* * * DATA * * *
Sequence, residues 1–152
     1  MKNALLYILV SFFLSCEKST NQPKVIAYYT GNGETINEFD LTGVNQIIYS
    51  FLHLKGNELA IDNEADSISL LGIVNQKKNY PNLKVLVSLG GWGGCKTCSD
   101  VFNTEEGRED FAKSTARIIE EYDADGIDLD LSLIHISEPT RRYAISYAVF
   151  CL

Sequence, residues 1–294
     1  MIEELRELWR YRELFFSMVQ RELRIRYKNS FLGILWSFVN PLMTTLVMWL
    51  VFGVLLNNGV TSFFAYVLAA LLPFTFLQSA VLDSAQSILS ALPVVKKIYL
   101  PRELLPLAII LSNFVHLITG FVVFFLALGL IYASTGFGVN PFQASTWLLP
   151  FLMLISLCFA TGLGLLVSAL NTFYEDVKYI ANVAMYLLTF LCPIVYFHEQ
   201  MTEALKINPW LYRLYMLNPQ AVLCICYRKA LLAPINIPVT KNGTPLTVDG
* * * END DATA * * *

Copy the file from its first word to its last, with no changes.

Sequence, residues 1–152
     1  MKNALLYILV SFFLSCEKST NQPKVIAYYT GNGETINEFD LTGVNQIIYS
    51  FLHLKGNELA IDNEADSISL LGIVNQKKNY PNLKVLVSLG GWGGCKTCSD
   101  VFNTEEGRED FAKSTARIIE EYDADGIDLD LSLIHISEPT RRYAISYAVF
   151  CL

Sequence, residues 1–294
     1  MIEELRELWR YRELFFSMVQ RELRIRYKNS FLGILWSFVN PLMTTLVMWL
    51  VFGVLLNNGV TSFFAYVLAA LLPFTFLQSA VLDSAQSILS ALPVVKKIYL
   101  PRELLPLAII LSNFVHLITG FVVFFLALGL IYASTGFGVN PFQASTWLLP
   151  FLMLISLCFA TGLGLLVSAL NTFYEDVKYI ANVAMYLLTF LCPIVYFHEQ
   201  MTEALKINPW LYRLYMLNPQ AVLCICYRKA LLAPINIPVT KNGTPLTVDG